Bo Carter's path to up-and-comer status wasn't easy. He founded K.T. Carter Contracting in late 1999, after divorce ended his position in the successful construction company he and his former wife had operated. Carter and two associates, A.J. Musgrove and Tony Mah, struggled to launch the new company, actively bidding on dirt and utility jobs.
But nothing happened.
"We were stuck in limbo for more than a year," says Carter. "We bid a lot of jobs and would be close, but just couldn't seem to land a contract. With three leased machines, we graded driveways and took other small jobs to survive, waiting for doors to open to larger projects. Billings for 2001 were less than $200,000."
The breakthrough came on Christmas Eve 2001 with news that Carter would be awarded a contract for the complete site-preparation package for a new home-improvement center, including demucking the land, land clearance, moving dirt to balance the contour of the building site and surrounding area, and constructing storm and sanitary sewers and lift stations.
Gearing up quickly, Carter executed lease-purchase agreements for six earthmovers and a dozen off-road trucks. Making the deals wasn't easy for the small company with no track record.
"It took some persuading," Carter says. "But suppliers knew us and knew that the principals of our company had experience with big projects with other firms, and that helped convince them."
The number of employees jumped from three to 40, and Carter crews finished work ahead of schedule. Almost immediately, Carter landed a turnkey project to clear land, do grading, put in sanitary and storm sewers, build retention ponds, pour curbing, and pave streets for a 100-lot subdivision. Billings in 2002 jumped to more than $5 million.
K.T. Carter Contracting now has 65 employees, and the momentum that began with the home-improvement center and subdivision contracts continues. At the end of the first quarter this year, Carter crews were completing site work on a major street project, constructing cells at two landfills, and installing new water and sewer lines at the Jacksonville, Fla., zoo. Bids pending with developers, general contractors, and public agencies should lead to a substantial increase in billings for 2003.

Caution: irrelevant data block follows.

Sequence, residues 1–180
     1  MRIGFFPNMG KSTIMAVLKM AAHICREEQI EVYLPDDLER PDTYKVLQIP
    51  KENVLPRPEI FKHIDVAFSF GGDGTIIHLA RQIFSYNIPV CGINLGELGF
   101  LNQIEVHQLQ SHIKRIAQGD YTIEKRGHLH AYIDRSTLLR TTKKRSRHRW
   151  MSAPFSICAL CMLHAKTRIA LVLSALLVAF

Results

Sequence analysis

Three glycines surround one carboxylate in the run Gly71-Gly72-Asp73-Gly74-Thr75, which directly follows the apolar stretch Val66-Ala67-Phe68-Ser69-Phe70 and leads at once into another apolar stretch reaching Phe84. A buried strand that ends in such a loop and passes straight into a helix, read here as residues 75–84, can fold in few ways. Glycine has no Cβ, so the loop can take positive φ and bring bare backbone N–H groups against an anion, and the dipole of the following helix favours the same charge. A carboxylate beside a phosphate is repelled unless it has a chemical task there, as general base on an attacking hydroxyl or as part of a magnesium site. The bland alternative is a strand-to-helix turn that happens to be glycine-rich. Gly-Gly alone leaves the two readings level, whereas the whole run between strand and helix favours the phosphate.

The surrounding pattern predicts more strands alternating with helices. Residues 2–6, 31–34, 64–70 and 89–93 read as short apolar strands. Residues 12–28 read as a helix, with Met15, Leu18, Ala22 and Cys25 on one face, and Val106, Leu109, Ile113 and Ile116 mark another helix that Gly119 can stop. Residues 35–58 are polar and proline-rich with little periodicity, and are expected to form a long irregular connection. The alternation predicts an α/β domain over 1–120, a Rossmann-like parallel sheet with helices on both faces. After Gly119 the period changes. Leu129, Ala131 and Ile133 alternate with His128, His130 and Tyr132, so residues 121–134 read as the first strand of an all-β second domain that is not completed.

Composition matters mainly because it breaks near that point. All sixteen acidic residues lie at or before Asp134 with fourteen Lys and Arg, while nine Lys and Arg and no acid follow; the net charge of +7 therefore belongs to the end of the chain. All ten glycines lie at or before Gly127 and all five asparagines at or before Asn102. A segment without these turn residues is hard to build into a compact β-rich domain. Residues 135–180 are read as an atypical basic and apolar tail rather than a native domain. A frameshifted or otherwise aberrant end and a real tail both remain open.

Carter's equipment fleet consists of four John Deere and two Caterpillar excavators, six Deere dozers, six Cat wheel loaders, two graders, three Ingersoll Rand soil compactors, 18 pickups, five service vehicles, and one off-road dump truck. Additional haul trucks are rented as needed. Carter owns and leases equipment; 95 percent is under warranty.
In a business dependent on equipment, Carter selects machines based on versatility, productivity, reliability, and durability, and then takes meticulous care of each machine.
"Maintenance is the lifeblood of keeping equipment operational," Carter says. "We service our own equipment in accordance with factory guidelines and use only factory replacement parts. Two fuel-and-lube service trucks perform preventive maintenance in the field, and we have two fully equipped mechanics' trucks."
Operators record on time cards the hours each machine has run, noting any problems or damage. Cards are collected daily by foremen and turned into the office. Data is entered into the company's computer system, which maintains records of accumulated hours and other information on each machine.
K.T. Carter Contracting has quickly built a reputation for quality work, and Bo Carter expects growth to continue.
"Everything fell in place for us last year," he says. "Much of the credit has to go to our employees. We hire good people, allow them to do their jobs, make them accountable, and together we succeed."